Written by Kelle Salle
Image via Pinterest
There’s nothing like a good shopping trip, especially when you come across something (or a few things) you’ve wanted for ages. When you treat yourself to something new, you’ll always feel good, especially if you love to shop. You’ll know you love to shop if you’ve ever had a clear out and been surprised at how many things you have never worn or no longer need. A bit of retail therapy is great from time to time, but it is possible to take things too far. If you find that you’re always looking for something new to buy especially when you’re not having a great day, then you might be an emotional spender. We’ve asked Dr Becky Spelman, Psychologist and Founder of The Private Therapy Clinic to provide some insight. Keep reading to learn more about why someone might be an emotional spender, what this looks like and most importantly, how to combat it.
What is emotional spending?
Emotional spending is the act of making purchases as a way to cope with difficult emotions such as stress, anxiety, or sadness. Emotional spenders tend to make impulsive purchases without carefully considering whether they actually need what they want to buy. If it isn’t managed, emotional spending can lead to financial problems and regret.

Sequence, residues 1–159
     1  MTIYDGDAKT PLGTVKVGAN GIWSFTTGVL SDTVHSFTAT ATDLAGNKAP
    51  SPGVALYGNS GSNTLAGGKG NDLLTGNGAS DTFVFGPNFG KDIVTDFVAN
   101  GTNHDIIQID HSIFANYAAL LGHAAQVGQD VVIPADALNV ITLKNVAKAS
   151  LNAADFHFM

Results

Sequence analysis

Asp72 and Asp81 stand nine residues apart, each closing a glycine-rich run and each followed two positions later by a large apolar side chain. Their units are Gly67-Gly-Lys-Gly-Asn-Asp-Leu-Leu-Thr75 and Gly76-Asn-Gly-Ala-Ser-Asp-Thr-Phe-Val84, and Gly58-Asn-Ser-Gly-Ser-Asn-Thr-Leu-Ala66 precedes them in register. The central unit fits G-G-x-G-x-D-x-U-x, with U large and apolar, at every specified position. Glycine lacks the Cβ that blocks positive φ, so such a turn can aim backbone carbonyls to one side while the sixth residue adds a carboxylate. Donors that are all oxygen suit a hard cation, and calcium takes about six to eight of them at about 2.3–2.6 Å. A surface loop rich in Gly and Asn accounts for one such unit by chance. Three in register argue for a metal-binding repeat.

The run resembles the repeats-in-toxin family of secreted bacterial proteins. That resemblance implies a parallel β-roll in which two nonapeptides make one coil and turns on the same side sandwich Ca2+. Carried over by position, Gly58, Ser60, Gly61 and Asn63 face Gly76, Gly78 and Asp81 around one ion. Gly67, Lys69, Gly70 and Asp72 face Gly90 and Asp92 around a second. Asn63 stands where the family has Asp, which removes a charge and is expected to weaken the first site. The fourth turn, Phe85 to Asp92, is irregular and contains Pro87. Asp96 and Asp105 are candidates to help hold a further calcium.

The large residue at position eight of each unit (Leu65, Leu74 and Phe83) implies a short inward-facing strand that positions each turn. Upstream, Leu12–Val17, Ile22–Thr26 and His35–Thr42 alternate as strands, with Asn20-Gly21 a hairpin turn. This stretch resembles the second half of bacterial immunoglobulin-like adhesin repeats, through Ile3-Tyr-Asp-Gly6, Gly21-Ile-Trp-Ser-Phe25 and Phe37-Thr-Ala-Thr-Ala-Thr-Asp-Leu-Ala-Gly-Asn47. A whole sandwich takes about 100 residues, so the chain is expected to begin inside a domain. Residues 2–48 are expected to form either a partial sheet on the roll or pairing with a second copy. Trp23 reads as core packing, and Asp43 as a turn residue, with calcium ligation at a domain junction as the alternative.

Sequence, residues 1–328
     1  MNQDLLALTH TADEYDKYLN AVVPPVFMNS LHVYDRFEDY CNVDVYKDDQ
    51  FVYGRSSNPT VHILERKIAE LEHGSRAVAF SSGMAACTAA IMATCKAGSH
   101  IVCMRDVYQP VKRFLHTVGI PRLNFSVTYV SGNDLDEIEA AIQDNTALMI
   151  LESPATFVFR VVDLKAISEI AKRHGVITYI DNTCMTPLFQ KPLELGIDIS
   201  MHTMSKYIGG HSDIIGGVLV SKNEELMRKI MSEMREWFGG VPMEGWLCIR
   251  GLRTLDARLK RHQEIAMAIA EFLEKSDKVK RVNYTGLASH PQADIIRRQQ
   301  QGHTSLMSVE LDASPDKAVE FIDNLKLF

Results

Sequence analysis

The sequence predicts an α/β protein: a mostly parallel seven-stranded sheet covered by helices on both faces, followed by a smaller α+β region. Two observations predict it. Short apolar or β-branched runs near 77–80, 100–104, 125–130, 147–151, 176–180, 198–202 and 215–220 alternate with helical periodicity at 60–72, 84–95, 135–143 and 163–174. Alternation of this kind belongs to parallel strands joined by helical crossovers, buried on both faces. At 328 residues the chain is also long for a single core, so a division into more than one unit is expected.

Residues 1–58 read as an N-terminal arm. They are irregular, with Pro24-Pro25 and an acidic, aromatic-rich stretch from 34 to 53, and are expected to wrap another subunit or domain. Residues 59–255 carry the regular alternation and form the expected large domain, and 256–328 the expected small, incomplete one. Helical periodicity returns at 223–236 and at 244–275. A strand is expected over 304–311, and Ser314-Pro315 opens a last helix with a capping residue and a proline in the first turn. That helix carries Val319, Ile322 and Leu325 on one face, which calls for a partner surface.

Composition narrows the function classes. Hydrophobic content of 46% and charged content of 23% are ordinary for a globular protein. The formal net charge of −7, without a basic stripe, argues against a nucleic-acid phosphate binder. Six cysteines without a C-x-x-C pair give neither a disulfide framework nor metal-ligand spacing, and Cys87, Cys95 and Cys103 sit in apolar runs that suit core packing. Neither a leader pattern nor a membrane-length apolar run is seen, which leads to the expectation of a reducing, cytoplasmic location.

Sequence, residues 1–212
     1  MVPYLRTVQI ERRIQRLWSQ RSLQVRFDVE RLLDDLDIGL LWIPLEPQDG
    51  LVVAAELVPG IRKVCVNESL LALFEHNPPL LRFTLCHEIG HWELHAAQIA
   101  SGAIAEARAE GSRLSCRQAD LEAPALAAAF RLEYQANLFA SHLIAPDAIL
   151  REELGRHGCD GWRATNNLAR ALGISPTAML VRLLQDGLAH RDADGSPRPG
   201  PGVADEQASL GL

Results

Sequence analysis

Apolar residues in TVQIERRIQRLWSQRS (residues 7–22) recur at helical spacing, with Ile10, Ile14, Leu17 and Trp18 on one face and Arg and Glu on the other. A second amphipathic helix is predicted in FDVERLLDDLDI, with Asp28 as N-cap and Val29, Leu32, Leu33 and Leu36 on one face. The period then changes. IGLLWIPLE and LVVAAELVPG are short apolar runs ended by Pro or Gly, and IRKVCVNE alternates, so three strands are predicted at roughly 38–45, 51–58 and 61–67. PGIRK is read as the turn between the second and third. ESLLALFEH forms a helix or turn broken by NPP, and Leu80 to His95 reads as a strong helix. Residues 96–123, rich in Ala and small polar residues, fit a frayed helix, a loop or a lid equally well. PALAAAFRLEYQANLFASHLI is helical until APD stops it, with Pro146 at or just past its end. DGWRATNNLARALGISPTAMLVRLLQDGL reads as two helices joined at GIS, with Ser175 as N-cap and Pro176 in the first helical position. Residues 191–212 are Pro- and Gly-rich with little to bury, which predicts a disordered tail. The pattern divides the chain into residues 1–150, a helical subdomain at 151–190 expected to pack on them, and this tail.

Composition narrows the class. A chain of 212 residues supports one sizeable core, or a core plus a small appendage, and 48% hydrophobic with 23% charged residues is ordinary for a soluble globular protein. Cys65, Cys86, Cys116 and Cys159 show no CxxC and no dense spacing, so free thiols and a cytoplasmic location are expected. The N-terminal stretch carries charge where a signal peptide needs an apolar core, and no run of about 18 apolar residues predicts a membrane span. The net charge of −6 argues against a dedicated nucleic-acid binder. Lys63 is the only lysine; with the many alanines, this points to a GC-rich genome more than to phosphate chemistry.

Why might someone be an emotional spender?
People may engage in emotional spending for various reasons like anxiety, boredom, sadness, loneliness, or even as a reward for themselves. While the latter isn’t a bad thing, it is possible to reward yourself too much. Emotional spenders tend to feel guilty after spending – they also hide purchases from others, and spend beyond their means. Although anxiety is associated with mental health, it can also have an impact on your emotional health. Anxious emotional spenders might experience intense feelings of restlessness, worry and fear that they temporarily relieve through shopping. This can lead to compulsive buying and overspending, even if you can’t afford it. Over time, this behaviour can exacerbate anxiety.
How can someone stop being an emotional spender?
The first thing you need to do is identify your triggers. An easy way to do this is to keep a spending journal once a month to track your spending habits. This will give you an idea of how much you’re spending as well as how you felt when you made certain purchases. Building healthy coping mechanisms such as exercise, mindfulness, talking to someone you trust or seeking therapy can also help. In terms of managing your finances, creating a budget and setting financial goals can also help you feel more in control of the situation. Additionally, seeking help from a financial advisor or counsellor can also be beneficial. Lastly, limiting exposure to advertising and unsubscribing from promotional emails can reduce temptation.
The final takeaway
We’ve all had moments when we’ve been susceptible to emotional spending, especially if we want to make ourselves feel better, but if it is posing a problem, it’s important to act sooner rather than later to avoid long-term financial consequences.